Essential insurance against failed ejection. Made from heat treated 4140 alloy steel. Requires fitting by a qualified gunsmith. Blue.
Material: 4140 Heat treated Steel
Features: Insures positive ejection
Gunsmithing Required: Yes
Notes on Ejectors:
Replacing an ejector on a 1911 is often a tricky business, and is not recommended for the home hobbyist. The
traditional way of securing the ejector to the frame is with a crosspin, however some modern manufacturers of 1911 type
guns do not use this method. They instead use a locking compound, like Locktite™ to secure the ejector to the
frame. In these guns, there are no holes drilled in the frame to allow for the use of a crosspin. If there is no hole drilled in the
frame of your 1911 in the slide rail of the frame just above the plunger tube, then your ejector is not "pinned" in place. The
removal procedure for an ejector which is not pinned involves heating the frame in the area of the ejector mounting studs.
Heating of a gun frame is an undertaking for only the experienced gunsmith. Over heating may cause changes in the
structure of the metal, affecting integrity and possibly making the gun unsafe to use. If you are unsure of the method by
which your ejector is held in place, consult a gunsmith
Another kink; even if you have a pinned ejector, the installation process is not as simple as it may seem. 1911 parts
manufacturers do not typically drill the front mounting stud of ejectors, due to variance in mounting stud hole depth and
cross pin location. To replace an ejector, you must drive the cross pin out, place the ejector in a soft-jawed vice, and pull
on the frame until the ejector comes free. Attempting to "wiggle" the frame or pry on the ejector can result in the mounting
studs breaking off in the holes, and then you have a real problem. Once the old ejector is out of the frame, the new one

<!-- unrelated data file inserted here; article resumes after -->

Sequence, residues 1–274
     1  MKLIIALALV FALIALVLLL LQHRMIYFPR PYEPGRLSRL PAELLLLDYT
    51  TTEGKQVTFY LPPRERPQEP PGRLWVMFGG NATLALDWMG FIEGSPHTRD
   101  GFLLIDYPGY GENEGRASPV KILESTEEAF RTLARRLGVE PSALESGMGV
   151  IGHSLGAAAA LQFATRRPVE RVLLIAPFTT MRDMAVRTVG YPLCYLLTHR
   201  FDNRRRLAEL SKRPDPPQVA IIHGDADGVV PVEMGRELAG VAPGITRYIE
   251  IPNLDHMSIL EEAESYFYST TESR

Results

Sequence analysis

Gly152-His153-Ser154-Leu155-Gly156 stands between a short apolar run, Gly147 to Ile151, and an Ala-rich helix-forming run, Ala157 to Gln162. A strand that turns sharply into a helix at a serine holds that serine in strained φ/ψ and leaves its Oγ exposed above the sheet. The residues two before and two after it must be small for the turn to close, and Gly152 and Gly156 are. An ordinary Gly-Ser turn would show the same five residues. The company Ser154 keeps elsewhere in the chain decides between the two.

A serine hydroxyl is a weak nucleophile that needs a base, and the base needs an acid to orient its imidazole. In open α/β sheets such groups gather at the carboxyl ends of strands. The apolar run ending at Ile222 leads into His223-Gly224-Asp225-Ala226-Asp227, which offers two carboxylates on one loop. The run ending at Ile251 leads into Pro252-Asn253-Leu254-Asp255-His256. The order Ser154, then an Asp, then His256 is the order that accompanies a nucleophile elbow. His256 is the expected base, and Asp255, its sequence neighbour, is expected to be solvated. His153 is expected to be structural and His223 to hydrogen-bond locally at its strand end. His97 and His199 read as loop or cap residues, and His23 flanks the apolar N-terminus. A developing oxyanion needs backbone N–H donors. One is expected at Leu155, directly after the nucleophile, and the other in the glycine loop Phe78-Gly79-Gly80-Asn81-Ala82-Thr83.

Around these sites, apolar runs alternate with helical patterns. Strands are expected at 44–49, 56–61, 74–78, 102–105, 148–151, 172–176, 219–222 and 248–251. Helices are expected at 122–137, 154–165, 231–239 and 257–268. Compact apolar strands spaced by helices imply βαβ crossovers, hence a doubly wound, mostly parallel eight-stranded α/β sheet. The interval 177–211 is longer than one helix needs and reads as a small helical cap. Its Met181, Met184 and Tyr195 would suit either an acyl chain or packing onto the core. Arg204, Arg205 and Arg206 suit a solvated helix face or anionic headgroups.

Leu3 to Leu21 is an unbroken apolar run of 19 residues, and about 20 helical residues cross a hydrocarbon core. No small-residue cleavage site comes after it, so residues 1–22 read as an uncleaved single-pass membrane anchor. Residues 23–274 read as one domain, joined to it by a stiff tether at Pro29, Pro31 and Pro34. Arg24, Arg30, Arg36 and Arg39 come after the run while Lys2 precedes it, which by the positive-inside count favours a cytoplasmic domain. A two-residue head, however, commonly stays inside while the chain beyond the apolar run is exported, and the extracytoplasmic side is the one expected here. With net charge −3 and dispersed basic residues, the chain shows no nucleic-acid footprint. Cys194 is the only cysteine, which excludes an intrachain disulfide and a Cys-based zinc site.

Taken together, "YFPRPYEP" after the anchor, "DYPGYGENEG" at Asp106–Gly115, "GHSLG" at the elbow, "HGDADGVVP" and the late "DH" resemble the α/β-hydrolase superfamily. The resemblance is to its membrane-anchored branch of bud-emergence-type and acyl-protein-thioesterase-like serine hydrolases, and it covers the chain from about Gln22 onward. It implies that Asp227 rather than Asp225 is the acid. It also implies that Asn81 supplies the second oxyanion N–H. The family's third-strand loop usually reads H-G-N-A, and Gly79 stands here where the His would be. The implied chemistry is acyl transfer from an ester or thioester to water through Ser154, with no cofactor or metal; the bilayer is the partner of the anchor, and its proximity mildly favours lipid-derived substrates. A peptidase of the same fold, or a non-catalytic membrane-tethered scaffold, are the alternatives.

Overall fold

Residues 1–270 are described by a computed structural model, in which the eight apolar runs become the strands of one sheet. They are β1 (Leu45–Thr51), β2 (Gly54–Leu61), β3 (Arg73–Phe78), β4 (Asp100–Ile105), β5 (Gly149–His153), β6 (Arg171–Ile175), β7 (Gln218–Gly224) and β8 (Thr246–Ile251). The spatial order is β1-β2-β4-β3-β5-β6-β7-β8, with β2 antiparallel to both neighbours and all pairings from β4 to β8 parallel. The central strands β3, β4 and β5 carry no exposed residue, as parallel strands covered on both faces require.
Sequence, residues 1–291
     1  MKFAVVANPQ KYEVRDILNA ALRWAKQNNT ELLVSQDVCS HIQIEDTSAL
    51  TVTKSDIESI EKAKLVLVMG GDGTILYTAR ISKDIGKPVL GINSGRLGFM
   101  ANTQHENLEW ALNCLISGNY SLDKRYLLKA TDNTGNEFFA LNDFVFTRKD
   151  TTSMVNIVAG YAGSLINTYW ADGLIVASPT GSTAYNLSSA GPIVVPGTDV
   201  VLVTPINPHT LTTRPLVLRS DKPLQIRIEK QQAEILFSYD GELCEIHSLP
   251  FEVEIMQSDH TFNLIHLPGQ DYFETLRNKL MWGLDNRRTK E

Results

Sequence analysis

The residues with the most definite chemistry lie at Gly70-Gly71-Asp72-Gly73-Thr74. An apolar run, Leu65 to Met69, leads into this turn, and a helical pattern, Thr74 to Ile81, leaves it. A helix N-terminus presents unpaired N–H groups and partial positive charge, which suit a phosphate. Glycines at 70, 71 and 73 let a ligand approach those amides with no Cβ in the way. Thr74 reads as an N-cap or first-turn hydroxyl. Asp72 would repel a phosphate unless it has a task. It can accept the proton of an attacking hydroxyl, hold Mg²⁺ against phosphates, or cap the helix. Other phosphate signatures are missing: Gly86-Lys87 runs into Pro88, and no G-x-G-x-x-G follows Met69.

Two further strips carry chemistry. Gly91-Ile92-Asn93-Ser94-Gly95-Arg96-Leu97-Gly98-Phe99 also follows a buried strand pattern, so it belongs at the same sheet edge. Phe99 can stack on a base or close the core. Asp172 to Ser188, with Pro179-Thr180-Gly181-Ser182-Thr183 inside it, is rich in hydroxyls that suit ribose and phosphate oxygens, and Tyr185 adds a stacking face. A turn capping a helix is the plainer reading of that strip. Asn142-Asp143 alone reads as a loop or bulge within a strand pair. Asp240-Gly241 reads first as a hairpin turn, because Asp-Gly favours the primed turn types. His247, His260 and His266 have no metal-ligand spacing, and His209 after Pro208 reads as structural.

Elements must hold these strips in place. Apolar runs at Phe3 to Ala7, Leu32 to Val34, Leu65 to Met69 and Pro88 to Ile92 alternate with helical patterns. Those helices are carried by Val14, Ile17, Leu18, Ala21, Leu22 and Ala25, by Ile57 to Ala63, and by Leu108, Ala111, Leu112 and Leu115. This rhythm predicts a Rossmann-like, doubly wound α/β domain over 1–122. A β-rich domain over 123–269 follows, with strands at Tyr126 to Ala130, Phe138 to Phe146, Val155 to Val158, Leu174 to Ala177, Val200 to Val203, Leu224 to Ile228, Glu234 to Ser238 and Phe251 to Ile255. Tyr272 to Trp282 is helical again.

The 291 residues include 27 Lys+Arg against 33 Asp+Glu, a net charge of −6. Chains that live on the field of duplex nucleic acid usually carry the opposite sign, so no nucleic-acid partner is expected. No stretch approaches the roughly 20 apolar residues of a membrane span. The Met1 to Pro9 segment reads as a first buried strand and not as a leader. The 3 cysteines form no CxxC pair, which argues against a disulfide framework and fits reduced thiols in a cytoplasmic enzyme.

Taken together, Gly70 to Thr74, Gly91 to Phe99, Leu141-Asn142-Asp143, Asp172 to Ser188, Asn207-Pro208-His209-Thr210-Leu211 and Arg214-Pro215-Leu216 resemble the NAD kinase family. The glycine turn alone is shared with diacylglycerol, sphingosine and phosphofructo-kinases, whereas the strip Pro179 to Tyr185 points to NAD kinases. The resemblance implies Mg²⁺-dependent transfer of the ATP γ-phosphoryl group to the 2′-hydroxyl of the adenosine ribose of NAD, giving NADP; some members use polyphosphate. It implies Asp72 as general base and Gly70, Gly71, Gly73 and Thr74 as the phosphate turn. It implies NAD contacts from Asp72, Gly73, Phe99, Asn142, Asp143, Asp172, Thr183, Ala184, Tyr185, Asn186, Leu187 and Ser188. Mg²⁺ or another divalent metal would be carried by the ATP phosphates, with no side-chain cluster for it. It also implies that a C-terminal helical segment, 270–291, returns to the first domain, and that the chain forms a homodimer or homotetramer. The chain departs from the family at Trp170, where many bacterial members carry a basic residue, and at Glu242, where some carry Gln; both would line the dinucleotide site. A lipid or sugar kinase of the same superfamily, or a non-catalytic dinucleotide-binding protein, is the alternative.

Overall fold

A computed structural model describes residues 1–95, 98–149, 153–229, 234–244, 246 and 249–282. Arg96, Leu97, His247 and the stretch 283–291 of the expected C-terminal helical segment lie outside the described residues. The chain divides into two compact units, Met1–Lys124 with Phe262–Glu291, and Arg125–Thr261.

must be dressed to fit the frame for mounting stud depth and cross pin location. The cross pin hole which must be drilled in
the mounting stud is not one that will pass through the studs center, but will be off-center and will form a "half-moon" shape
in the stud. It is extremely difficult to drill a half-moon shape into the stud with a drill press, and impossible with a hand held
drill. Attempting to drill the hole with the stud in the frame can cause the pin hole which passes through the frame to be
damaged and could render the frame unusable. It is therefore not recommended to attempt any ejector removal or
installation by people other than qualified gunsmiths. This information is not provided to disuade anyone from attempting to
perform work on their gun, it is instead meant as a service to our customers so they can make an educated decision on
what operations they can do at home, and which ones they can select parts for and take them to their local gunsmith for
The statements and opinions expressed within Customer Reviews reflect each author's personal perspective and do not imply endorsement by MidwayUSA, its Employees or any other organization. Customers should in no way infer that MidwayUSA has validated review information as safe, accurate or appropriate.
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